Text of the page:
.. If you’re a working journalist, odds aren’t just that you work in a pro-Clinton county—odds are that you reside in one of the nation’s most pro-Clinton counties. And you’ve got company: If you’re a typical reader of Politico, chances are you’re a citizen of bubbleville, too.
.. The newspaper industry has jettisoned hundreds of thousands of jobs, due to falling advertising revenues.
.. In late 2015, during Barack Obama’s second term, these two trend lines—jobs in newspapers, and jobs in internet publishing—finally crossed. For the first time, the number of workers in internet publishing exceeded the number of their newspaper brethren.
.. Where newspaper jobs are spread nationwide, internet jobs are not: Today, 73 percent of all internet publishing jobs are concentrated in either the Boston-New York-Washington-Richmond corridor or the West Coast crescent that runs from Seattle to San Diego and on to Phoenix.
.. almost all the real growth of internet publishing is happening outside the heartland, in just a few urban counties, all places that voted for Clinton.
.. specialized industries like to cluster. Car companies didn’t arise in remote regions that needed cars—they arose in Detroit, which already had heavy industry, was near natural resources, boasted a skilled workforce and was home to a network of suppliers that could help car companies thrive.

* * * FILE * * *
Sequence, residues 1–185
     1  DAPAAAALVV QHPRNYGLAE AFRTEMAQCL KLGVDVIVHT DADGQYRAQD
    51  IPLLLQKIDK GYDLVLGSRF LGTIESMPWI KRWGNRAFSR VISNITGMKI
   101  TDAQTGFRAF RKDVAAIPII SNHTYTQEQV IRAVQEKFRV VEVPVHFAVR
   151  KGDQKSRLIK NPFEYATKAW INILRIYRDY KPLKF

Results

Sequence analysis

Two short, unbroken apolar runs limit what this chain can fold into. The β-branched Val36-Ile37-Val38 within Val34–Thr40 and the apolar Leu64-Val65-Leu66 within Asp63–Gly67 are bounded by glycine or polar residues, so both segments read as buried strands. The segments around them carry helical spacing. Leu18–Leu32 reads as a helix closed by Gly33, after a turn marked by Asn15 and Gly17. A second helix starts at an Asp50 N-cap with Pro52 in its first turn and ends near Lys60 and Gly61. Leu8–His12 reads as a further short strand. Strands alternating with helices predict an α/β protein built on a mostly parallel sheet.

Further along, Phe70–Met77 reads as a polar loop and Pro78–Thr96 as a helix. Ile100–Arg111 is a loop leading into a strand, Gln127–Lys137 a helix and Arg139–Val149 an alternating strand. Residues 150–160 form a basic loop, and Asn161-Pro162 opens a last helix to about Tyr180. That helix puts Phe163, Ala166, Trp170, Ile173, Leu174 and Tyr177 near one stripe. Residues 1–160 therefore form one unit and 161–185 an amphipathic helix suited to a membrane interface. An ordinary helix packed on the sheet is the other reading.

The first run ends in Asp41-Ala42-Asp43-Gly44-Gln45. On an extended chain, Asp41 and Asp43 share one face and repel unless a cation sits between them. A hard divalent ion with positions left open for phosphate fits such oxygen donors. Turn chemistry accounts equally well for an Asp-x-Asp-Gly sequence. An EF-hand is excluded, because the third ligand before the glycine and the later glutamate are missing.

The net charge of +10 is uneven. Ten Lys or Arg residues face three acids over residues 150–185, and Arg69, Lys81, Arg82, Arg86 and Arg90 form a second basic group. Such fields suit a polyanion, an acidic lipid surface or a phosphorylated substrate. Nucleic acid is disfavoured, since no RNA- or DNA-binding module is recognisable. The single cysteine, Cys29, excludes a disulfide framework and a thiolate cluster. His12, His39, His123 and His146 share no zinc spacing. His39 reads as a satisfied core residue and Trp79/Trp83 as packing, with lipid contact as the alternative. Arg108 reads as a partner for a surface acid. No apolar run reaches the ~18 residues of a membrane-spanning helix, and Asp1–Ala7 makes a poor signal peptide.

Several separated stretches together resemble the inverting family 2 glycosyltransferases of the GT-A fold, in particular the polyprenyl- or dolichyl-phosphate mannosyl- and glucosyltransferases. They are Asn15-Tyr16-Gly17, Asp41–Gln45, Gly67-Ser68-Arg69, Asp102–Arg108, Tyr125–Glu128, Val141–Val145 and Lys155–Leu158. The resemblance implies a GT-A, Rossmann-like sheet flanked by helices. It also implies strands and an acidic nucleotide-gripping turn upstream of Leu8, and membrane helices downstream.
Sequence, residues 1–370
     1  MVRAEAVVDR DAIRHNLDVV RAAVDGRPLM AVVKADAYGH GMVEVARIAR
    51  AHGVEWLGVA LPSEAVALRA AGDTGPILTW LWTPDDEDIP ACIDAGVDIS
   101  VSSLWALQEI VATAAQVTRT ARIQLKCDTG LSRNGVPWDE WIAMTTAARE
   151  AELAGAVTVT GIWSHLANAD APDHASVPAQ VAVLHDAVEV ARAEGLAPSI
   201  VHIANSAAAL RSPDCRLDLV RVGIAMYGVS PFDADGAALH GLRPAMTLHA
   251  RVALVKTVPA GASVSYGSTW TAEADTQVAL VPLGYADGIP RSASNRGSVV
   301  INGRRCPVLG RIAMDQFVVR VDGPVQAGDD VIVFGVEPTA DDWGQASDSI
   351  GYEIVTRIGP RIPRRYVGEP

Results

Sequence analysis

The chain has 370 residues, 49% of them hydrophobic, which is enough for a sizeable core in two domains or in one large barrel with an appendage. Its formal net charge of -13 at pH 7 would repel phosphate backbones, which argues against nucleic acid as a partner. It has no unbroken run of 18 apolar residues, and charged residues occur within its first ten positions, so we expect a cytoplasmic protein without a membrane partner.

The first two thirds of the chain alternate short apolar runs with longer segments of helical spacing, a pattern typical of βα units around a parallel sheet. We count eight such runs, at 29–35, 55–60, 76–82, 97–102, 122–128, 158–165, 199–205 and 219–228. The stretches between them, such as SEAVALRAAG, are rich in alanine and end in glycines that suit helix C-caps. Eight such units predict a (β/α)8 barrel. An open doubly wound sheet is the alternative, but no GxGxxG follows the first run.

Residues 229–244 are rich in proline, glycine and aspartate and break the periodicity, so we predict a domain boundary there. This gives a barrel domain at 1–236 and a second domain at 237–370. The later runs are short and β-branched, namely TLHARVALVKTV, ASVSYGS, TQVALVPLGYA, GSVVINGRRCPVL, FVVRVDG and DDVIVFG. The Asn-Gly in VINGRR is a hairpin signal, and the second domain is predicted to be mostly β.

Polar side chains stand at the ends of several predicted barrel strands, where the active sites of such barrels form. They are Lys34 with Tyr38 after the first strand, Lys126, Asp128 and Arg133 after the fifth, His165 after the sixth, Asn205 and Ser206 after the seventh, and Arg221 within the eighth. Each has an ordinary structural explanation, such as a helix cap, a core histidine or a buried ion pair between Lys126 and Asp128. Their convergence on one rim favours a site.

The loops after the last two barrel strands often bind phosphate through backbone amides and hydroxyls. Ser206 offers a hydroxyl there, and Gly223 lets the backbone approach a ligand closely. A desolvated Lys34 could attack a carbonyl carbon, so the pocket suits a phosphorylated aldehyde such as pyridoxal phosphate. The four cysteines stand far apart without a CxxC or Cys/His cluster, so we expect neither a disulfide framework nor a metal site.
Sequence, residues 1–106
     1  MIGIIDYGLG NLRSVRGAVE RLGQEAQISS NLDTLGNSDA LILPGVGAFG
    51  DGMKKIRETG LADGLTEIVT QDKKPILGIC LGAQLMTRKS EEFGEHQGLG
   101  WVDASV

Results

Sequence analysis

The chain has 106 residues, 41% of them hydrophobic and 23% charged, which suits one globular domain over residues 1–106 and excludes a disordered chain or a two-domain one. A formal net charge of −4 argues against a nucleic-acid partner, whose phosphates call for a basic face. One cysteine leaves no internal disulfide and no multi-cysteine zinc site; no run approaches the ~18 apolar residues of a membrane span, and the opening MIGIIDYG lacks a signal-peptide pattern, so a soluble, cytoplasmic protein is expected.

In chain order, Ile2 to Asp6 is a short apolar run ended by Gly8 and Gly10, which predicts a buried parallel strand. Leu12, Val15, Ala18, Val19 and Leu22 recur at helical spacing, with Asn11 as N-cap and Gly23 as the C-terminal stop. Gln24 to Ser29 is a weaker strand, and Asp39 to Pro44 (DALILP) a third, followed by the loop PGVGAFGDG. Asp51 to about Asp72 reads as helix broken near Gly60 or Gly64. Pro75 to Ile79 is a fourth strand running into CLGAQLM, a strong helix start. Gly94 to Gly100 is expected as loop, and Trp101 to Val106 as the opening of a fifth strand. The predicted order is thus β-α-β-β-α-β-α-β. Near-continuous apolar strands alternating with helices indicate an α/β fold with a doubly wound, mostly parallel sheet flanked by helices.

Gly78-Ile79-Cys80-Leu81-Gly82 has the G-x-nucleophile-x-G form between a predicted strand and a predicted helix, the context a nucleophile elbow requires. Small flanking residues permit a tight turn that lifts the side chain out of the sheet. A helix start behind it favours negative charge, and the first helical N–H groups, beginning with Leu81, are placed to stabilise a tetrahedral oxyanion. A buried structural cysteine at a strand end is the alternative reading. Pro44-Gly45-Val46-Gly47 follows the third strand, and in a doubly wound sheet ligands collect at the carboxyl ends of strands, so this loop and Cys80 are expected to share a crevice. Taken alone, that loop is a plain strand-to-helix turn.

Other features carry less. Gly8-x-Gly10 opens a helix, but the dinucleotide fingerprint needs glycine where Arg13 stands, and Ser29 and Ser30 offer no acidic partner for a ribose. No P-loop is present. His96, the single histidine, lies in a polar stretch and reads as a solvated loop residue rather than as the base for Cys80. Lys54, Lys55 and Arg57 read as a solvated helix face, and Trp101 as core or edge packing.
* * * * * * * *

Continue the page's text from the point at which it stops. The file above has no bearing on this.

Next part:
.. Seattle’s rise as a tech powerhouse was seeded by Microsoft, which moved to the area in 1979 and helped create the ecosystem that gave rise to companies like Amazon.
.. Economists call these “non-tradable goods”—goods that must be consumed in the same community in which they’re made.
.. Newspaper jobs are far more evenly scattered across the country, including the deep red parts. But as those vanish, it’s internet jobs that are driving whatever growth there is in media—and those fall almost entirely in places that are dense, blue and right in the bubble.
.. The people who report, edit, produce and publish news can’t help being affected—deeply affected—by the environment around them.
.. The Times thinks of itself as a centrist national newspaper, but it’s more accurate to say its politics are perfectly centered on the slices of America that look and think the most like Manhattan.
.. Their reporters, an admirable lot, can parachute into Appalachia or the rural Midwest on a monthly basis and still not shake their provincial sensibilities
.. the media bubble reflects an established truth about America: The places with money get served better than the places without. People in big media cities aren’t just more liberal, they’re also richer
.. his trash talk was always directed at the national press, not the local.
.. It’s worth mentioning that Fox and Breitbart—and indeed most of the big conservative media players—also happen to be located in the same bubble. Like the “MSM” they rail against, they’re a product of New York, Washington and Los Angeles. It’s an argument against the bubble, being waged almost entirely by people who work inside it.
.. It’s hard to imagine an industry willingly accommodating the places with less money, fewer people and less expertise, especially if they sense that niche has already been filled to capacity by Fox.
.. Journalists respond to their failings best when their vanity is punctured with proof that they blew a story that was right in front of them. If the burning humiliation of missing the biggest political story in a generation won’t change newsrooms, nothing will. More than anything, journalists hate getting beat.